Recently, New York cosmetic dentist Jason Kasarsky, DDS has had a lot of patients telling him that their facial muscles and joints are hurting. So much so that he says it, surprisingly, “tops the list” of dental-related complaints of late.
“Putting all of the recent factors into play, it is clear that COVID-related issues have created anxiety, depression and uncertainty. On the surface, most folks feel as if they are handling employment, family, social and political issues reasonably well, but my colleagues and I have noticed fractured tooth syndrome and TMJ issues on the rise.”
Dr. Kasarsky believes for some patients—and the population in general—emotionally debilitating issues, evidently, evolve into oral issues. “Ignoring muscle and TMJ pain can lead to serious matters and result in tooth loss,” he warns. “The best advice is to call your dentist and have an appropriate evaluation.”
Atlanta cosmetic dentist Ronald Goldstein, DDS has been seeing a surge in TMJ, too—and calls the number of patients coming to him about it “unprecedented.”
“At few times during my lifetime have I seen the amount of stress and its effect on people as this year,” he says. “Unfortunately, one of the most common reactions to stress is unconscious clenching of teeth. The problem is it does not take long for this habit to cause spasms in the muscles associated with the temporomandibular joint. This, in turn, can create muscle soreness in the mouth resulting in pain, limited opening, and even severe headaches.”
Dr. Goldstein’s suggestion to help “raise awareness” of the unconscious need to clench is to place signs—which his office hands out to patients—that say, “Lips Together, Teeth Apart.”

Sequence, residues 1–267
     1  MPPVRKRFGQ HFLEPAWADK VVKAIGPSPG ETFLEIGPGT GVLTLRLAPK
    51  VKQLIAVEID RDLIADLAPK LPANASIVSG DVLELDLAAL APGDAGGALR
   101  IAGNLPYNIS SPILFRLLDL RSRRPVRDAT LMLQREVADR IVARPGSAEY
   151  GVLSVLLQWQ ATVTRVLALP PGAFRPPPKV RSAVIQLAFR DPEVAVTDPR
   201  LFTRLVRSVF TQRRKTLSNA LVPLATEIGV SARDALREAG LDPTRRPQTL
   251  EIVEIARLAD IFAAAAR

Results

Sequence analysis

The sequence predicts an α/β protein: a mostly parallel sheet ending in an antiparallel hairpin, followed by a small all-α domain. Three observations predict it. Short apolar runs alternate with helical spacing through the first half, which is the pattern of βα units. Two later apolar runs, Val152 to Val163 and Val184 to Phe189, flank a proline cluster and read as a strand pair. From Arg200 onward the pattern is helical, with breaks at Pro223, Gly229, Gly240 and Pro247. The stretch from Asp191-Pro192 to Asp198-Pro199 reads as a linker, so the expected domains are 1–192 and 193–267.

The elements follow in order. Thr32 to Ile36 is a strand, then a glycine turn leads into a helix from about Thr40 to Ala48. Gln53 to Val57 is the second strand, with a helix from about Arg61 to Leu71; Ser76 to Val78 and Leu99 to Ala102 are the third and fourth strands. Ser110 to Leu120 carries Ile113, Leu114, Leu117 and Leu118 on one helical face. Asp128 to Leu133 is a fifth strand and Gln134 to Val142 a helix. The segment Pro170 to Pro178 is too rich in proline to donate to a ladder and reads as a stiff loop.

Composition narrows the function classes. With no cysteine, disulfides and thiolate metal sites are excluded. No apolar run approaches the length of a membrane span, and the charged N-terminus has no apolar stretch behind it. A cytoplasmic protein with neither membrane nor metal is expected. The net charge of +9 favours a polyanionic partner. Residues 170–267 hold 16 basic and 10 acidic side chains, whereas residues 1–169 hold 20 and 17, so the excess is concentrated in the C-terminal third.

“The signs can be pasted on the dashboard of your car, computer keyboard, in your kitchen or any other area where you might be under more stress.”
Likewise, he urges patients to conduct this simple at-home test to determine if your mouth muscles are under stress: “Place your index finger between your cheek and parallel with your last upper molar and press upward. If you feel pain, or even discomfort, your external pterygoid muscle may be in spasm. Your dentist can test your other intraoral muscles to see just how severe your muscle spasms are to suggest treatment. This may mean constructing a well-fitting TMJ appliance to help cure the problem, as part of an overall treatment plan.”
Dr. Kasarsky also recommends nightguards and says he’s been prescribing therapeutic Botox injections into the masseter muscles to curtail bruxism damage.
New York dermatologist Marina Peredo, MD backs that move and says she has, similarly, been hearing a lot of patients describe jaw-related pain during the pandemic. “Lots of dentists send their patients over for Botox,” she says. “I love doing Botox in the masseter because it not only helps with the clenching, but it also helps facial reshaping and can help make a square jaw more feminine.”
“It can be good for health and aesthetic reasons!”
While he admits he can’t necessarily say he’s seen an increase in TMJ cases during COVID, Malibu, CA cosmetic dentist Bob S. Perkins, DDS says any kind of stress can cause a whole lot of pain points and smile issues.
“It is true that stress, though not the source of TMJ problems, will often make all problems worse; TMJ is no exception,” Dr. Perkins shares. “I would expect that TMJ-related problems: Neck pain, chronic headaches, pain in the joint and jaw, TMJ clicking and noises, ringing of the ear, ear congestion, etc., are likely to be exacerbated during this difficult and stressful time.”
Of course, like many pain-related issues, Dr. Goldstein says his number-one suggestion is to not ignore it too long. “Do NOT neglect the problem thinking it will ‘go away.’ Chances are, unless you are self-diagnosing the problem early enough, it will get worse even leading to neck, shoulder and other painful problems.”
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